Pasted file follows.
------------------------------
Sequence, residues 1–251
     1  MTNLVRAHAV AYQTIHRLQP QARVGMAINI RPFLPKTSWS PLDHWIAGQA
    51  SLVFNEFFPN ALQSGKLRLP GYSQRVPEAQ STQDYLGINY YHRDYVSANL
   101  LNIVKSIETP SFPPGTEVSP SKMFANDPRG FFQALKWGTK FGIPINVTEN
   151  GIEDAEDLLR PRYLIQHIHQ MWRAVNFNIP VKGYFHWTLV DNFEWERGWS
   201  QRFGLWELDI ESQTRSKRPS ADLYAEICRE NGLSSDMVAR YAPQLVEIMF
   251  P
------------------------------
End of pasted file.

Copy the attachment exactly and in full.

Sequence, residues 1–251
     1  MTNLVRAHAV AYQTIHRLQP QARVGMAINI RPFLPKTSWS PLDHWIAGQA
    51  SLVFNEFFPN ALQSGKLRLP GYSQRVPEAQ STQDYLGINY YHRDYVSANL
   101  LNIVKSIETP SFPPGTEVSP SKMFANDPRG FFQALKWGTK FGIPINVTEN
   151  GIEDAEDLLR PRYLIQHIHQ MWRAVNFNIP VKGYFHWTLV DNFEWERGWS
   201  QRFGLWELDI ESQTRSKRPS ADLYAEICRE NGLSSDMVAR YAPQLVEIMF
   251  P